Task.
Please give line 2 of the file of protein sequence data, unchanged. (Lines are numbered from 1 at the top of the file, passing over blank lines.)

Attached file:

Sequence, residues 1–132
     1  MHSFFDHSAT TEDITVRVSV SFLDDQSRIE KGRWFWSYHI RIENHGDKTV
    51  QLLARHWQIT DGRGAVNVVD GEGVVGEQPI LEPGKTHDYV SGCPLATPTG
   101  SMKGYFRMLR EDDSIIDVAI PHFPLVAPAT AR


     1  MHSFFDHSAT TEDITVRVSV SFLDDQSRIE KGRWFWSYHI RIENHGDKTV